Oedipus and Teiresias: Their encounter and dramatic signifinance of it.

                                King Oedipus by Sophocles opens before the royal palace with the supplication of the plague trodden people of Thebes. Oedipus the king hears that  their prayer and informs them that he has already sent  Creon, his trusted kinsman, to the pythian house of Apollo to seek deliverance from the pestilence. Creon returns from the Delphic Oracle with news that “an unclean thing”, the killer of late King Laius is the cause of the plague. So, the murderer should be brought to light and executed or banished from the city. Oedipus who is keen to get rid of the curse starts his search to identify the polluter. So, he seeks the help of the blind prophet of Thebes, Teiresias, “In whom, of all men, lives the incarnate truth.”

Oedipus at first welcomes Teiresias with reverent and tells him to help them find the killer of Laius. But Teiresias who knows the truth puts down Oedipus’ request. In fury Oedipus accuses that he has a hand in plotting the situation. Teiresias then speaks the truth that Oedipus is “the cursed polluter”, the killer of Laius. Oedipus counters that the prophet is blind and asks him where he was when Sphinx was terrorising Thebes. It was Oedipus who saved it from the horror. He accuses Teiresias along with Creon of treachery. Teiresias replies that though Oedipus has eyes, he “cannot see what company” he keeps and in what “in sinful union” he lives. The prophet also predicts when the secrets will be revealed, Oedipus who has sight will become blind and he will be banished from the country like a beggar.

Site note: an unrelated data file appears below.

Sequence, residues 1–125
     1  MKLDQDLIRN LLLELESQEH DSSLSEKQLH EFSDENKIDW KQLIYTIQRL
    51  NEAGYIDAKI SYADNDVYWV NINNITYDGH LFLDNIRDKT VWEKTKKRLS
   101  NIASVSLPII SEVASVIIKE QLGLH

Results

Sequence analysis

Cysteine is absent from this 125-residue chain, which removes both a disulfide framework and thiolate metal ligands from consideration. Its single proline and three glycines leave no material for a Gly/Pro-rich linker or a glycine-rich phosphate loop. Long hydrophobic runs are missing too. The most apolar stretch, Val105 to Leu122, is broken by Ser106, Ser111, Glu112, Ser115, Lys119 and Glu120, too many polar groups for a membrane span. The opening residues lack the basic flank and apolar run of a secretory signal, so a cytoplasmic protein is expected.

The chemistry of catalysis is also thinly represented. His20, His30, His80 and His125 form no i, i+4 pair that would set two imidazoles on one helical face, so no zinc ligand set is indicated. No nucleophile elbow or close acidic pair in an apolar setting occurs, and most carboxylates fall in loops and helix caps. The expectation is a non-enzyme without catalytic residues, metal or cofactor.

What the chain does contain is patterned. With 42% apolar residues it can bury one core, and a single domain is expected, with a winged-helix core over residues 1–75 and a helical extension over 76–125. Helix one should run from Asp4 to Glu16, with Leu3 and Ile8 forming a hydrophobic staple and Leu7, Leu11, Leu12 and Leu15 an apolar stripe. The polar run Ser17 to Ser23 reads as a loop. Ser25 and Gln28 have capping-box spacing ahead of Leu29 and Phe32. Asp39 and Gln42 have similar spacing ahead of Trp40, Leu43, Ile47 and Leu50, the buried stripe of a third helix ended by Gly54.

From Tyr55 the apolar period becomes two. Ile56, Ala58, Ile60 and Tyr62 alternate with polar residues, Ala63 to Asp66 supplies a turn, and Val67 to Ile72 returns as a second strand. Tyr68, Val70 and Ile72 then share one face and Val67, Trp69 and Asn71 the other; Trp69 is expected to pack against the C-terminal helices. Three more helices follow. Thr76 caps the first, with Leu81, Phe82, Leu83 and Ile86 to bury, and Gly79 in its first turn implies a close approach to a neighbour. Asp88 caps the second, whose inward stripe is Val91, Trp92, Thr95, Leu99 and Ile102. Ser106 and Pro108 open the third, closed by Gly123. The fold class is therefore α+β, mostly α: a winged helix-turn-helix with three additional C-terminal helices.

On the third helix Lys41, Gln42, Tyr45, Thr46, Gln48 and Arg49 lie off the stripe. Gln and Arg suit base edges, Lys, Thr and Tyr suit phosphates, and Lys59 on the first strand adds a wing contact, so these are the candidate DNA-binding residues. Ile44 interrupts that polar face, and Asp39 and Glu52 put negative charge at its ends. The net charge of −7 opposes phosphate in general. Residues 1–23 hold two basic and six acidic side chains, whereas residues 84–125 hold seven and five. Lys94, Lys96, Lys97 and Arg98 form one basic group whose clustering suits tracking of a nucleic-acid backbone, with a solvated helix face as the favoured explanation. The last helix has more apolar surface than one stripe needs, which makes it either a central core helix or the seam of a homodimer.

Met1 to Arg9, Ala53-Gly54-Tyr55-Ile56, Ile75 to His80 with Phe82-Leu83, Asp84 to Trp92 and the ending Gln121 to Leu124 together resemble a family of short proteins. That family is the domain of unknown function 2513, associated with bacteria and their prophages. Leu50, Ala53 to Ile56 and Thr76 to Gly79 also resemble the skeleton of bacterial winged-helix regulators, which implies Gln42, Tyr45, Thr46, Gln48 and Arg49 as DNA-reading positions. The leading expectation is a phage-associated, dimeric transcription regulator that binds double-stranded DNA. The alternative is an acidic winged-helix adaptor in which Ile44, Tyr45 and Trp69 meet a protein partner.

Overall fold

This encounter between Oedipus and Teiresias is dramatically very important because it is replete with dramatic irony and reveals the truth about Oedipus. The scene also hints at Oedipus’ future. First, Sophocles uses dramatic irony to reveal the truth. When Oedipus calls Teiresias “Shameless and brainless, sightless, senseless sot!”, the truth is that it is not Teiresias but Oedipus himself is blind and he will discover it at the end. Again, the encounter assures that the prophecy of the Delphic Oracle is fulfilled. Oedipus commits the crime of patricide and incest. Finally, Teiresias predicts the future of Oedipus that his “now clear-seeing eyes / Shall then be darkened” and his crime will be heard everywhere. He also says that Oedipus will then be banished from Thebes as “an unclean thing” and once king will turn in to a blind beggar.

Another significant point comes out of this encounter between Oedipus and Teiresias. Oedipus’ arrogance is revealed. He proudly declares his superiority over the prophet as he saved the city from Sphinx. Blinded by pride he crosses all bounds of decency and acts like a tyrant. This arrogance or hubris causes his tragic doom at the end.

Thus, the encounter between Oedipus and Teiresias suggests the theme of physical blindness of the prophet and spiritual blindness of Oedipus. The dramatic irony used here heightens Oedipus’s sufferings. Once again fate speaks and this time it is through the blind Teiresias.

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